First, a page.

The third Dialogue on Integrity: Leaders Discuss Competitions for Category A Civil Service Positions

Aspen Institute Kyiv continues to involve leaders in discussions about integrity. On January 31, Institute held “Competitions for vacant civil service positions of category “A”: ensuring transparency and integrity” dialogue.

The event took place within the Integrity and Governance project. The project supports by the National Endowment for Democracy grant, EU project EU 4 PAR, and the Reform Delivery Office of the Cabinet of Ministers of Ukraine.

Politicians, high-level civil servants, representatives of non-governmental and international organizations, and the business community joined the discussion. The dialogue participants exchanged their views on the priority issues in the implementation of competitions senior civil service positions.

Among the issues discussed at the discussion:

  • Staff shortage of qualified candidates for the highest positions in the civil service. On average, the competition for a category “A” position is seven candidates for one job offer. That means the choice of talented officials is minimal.
  • Distrust of Ukrainians in the selection for senior positions in the civil service. In particular, 39% of respondents believe that it is necessary to have personal connections to enter the civil service.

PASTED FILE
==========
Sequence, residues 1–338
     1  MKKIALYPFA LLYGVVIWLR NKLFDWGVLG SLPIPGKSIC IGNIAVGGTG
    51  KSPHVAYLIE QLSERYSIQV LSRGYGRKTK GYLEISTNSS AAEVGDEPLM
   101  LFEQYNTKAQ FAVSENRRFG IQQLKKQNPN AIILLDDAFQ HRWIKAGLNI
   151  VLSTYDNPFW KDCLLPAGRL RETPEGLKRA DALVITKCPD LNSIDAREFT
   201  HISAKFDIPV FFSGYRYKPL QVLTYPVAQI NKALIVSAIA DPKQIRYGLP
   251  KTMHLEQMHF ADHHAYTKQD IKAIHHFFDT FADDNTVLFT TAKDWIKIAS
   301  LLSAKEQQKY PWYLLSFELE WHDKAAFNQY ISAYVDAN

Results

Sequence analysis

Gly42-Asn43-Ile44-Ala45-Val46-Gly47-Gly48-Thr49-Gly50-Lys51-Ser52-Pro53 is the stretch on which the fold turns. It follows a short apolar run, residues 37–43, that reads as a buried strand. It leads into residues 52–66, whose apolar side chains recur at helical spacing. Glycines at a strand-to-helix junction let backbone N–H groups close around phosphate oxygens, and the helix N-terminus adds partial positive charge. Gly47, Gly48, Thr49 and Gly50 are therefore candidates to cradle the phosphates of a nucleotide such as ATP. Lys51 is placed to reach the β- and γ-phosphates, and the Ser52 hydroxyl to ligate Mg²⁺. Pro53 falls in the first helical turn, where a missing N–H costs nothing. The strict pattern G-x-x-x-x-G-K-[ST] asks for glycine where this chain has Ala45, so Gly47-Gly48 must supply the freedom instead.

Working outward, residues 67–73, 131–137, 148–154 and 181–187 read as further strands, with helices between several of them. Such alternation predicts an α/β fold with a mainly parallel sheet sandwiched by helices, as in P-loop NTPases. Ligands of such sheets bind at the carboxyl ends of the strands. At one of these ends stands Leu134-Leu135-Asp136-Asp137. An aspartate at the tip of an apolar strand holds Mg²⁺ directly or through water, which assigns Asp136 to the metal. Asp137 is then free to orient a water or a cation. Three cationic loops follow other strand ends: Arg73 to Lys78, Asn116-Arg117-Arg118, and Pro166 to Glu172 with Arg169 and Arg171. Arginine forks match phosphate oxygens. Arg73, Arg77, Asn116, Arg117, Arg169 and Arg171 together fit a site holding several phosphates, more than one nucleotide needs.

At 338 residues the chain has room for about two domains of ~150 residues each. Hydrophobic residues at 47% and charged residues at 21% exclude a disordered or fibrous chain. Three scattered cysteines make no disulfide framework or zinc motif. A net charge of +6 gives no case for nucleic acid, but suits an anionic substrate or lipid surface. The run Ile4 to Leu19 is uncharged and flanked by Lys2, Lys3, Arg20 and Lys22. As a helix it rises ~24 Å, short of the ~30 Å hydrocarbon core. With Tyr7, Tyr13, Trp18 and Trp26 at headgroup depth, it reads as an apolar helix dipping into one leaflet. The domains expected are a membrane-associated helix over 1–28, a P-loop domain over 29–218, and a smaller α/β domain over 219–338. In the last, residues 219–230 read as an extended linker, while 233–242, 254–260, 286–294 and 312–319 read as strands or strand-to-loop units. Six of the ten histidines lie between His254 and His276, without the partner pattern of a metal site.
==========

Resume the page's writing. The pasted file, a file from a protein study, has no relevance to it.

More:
• Low salaries announced during the vacancy announcement (salary, not actual salary) do not motivate competent candidates to apply for competitions. And within the civil service, conditions have been created when an initially virtuous person must resist corruption provocations.
  • The competition procedure requires the candidate to show publicity before entering the civil service (broadcasting an interview on YouTube, submitting a family declaration, etc.). That makes candidates vulnerable to their current employer.
  • Uncertainty of the “integrity” concept and the ways to assess it.
  • There is no clear definition of which civil service model fits Ukraine’s realities the best.

During the discussion, participants suggested several possible solutions:

  • A reserve of professional candidates for the position should be formed, which would pass further competitions according to a simplified procedure. At the same time, these competitions would be open to new candidates.
  • The organization of government needs to be improved: the legislation should clearly define the job responsibilities of civil servants at various levels.
  • Specialists from outside the system have to update the civil service. A possible solution may be to delegate competitive selections to independent relevant organizations.
  • It would be worthwhile to create a higher corps of training for the civil service, the selection of candidates for which would be held on a competitive basis. At the same time, it would be simpler to hold the position in the future.
  • It is necessary to determine what model of civil service Ukraine is building and what it seeks to achieve in the long run.

Denis Poltavets, Director of Program Development at the Aspen Institute Kyiv, and Roman Kobets, Ph.D. of Hryhorii Skovoroda Institute of Philosophy, moderated the event.

The event was held within the framework of the Integrity and Governance project, which is supported by a grant from the National Endowment for Democracy, as well as with the support of the EU4PAR project and the Reform Delivery Office of the Cabinet of Ministers of Ukraine.